Delaying the agriculture sector's entry to the ETS is wise, writes David Anderson, former editor of Rural News and a communications consultant in teh agribusiness sector.
Despite claims to the contrary made in the Herald's editorial (September 20), the Government has actually gone for commonsense rather than potential economic suicide by deferring the agriculture sector's entry into the controversial Emission Trading Scheme (ETS).
While the recent review of the ETS called for a slowdown of its implementation, it left unchanged controversial plans to introduce agriculture into the scheme from 2015. The review panel, chaired by former Finance Minister David Caygill, recommended the agricultural gases methane and nitrous oxide be brought into the scheme in 2015, as the current legislation requires.
In the panel's model, farmers would be accountable for those emissions, which make up nearly half of New Zealand's total greenhouse gases - which in turn make up less than 0.2 per cent of the world's total.
Why would we want to unfairly penalise New Zealand's agriculture sector - and one of the few sectors with the ability to help the country out of the current economic hole - by imposing taxes when our international competitors are not doing the same?
I don't see how handicapping our main economic driver will reduce international greenhouse gases. Surely all that will do is shift the production of these agricultural greenhouse gases from New Zealand to another country?
Climate Change Minister Nick Smith has made a sensible decision in deciding that agricultural emissions will only be included if practical technologies are available to enable farmers to reduce their emissions and more progress is made by our trading partners to reduce their agricultural emissions. Federated Farmers is understandably delighted with the Government's move.
It has always argued that it's crazy for New Zealand farmers to be hit with the costs of an ETS when they had no way of mitigating these and when other farmers around the world were not being penalised accordingly.
Meanwhile, critics and environmental doomsayers are not so happy and making claims about farmers being subsidised.
Now there are unfair claims being made that New Zealand farmers are getting a free ride, but again this is selective reporting.
It is also disingenuous of the Herald, and others, to claim that current high export commodity prices are proof that farmers can afford to pay any costs imposed by agriculture's introduction into an ETS.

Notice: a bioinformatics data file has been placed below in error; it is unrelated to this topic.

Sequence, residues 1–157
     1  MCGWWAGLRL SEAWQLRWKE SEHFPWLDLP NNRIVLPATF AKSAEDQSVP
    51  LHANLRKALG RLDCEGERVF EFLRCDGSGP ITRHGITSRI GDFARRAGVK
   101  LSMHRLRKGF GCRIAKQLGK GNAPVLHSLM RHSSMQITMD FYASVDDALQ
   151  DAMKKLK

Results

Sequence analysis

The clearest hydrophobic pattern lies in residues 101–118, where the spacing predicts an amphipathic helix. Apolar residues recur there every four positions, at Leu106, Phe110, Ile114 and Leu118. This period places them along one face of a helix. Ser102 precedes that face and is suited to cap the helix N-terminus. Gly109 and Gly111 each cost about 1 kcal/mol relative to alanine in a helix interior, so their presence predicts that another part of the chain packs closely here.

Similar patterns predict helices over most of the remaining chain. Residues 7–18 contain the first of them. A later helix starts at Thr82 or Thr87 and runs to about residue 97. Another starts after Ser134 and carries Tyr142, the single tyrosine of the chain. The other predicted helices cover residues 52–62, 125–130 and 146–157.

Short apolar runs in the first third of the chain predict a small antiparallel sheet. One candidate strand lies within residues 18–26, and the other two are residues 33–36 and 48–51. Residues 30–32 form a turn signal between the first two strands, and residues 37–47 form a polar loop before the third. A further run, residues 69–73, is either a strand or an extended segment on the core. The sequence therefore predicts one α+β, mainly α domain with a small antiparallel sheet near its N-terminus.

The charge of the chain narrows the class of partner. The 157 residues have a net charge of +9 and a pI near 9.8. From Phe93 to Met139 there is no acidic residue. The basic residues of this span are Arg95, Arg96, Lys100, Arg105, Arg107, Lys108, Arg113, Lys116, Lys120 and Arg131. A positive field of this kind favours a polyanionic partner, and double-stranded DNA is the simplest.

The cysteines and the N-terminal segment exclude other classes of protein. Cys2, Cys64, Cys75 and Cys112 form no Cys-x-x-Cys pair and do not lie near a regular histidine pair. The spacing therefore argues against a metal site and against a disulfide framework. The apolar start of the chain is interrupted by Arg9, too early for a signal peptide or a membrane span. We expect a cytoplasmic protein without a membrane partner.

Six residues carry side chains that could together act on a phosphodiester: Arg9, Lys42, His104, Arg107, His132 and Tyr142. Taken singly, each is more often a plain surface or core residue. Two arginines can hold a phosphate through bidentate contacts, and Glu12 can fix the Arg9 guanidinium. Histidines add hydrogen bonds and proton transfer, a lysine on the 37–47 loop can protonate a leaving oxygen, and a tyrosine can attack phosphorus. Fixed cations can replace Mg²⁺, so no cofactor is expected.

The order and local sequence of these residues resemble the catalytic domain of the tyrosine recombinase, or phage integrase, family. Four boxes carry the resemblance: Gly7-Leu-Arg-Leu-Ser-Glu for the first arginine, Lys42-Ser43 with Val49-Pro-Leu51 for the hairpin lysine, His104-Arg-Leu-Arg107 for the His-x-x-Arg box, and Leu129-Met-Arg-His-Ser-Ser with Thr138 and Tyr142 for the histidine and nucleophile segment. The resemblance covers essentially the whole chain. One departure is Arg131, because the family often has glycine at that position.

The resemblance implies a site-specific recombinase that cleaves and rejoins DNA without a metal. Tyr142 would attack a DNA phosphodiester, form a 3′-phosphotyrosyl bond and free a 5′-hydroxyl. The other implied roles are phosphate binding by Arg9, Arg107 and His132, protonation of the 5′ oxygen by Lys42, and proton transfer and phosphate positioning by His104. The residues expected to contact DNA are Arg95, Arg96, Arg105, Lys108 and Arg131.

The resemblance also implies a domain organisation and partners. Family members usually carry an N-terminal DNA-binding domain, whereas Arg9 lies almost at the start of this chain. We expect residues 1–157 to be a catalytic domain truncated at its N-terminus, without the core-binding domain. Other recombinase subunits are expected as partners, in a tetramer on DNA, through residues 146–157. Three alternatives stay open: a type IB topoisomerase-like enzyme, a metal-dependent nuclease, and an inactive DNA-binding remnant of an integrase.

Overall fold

The fickle nature of commodity markets means prices are likely to drop sooner rather than later.
When this happens, will the Herald then demand that farmers be excused from ETS costs due to low prices? Highly unlikely! Smith has said the Government's primary objective with the ETS is to drive investment into more efficient production. "We are not interested in simply including agriculture in the ETS to impose a cost when there are not practical technologies through which they can reduce emissions, in contrast to a sector like electricity where there are really good opportunities."
There is already evidence - which is also noted by Caygill's Review Panel - that the agriculture sector is reducing its greenhouse gases. Emissions per unit of product from agriculture have fallen by about 1.3 per cent a year over the past 20 years - due to improved management, animal genetics, pasture and crop genetics and technological changes.
Opportunities for further reductions included the use of forestry on marginal or erosion-prone land, nitrification inhibitors, and "good practice" management techniques that increase productivity.
The Government's view that it won't support the introduction of agricultural emissions into the ETS until practical technologies are available to enable New Zealand farmers to reduce their emissions and more progress is made by our trading partners on measures to reduce emissions is smart, sensible and economically prudent.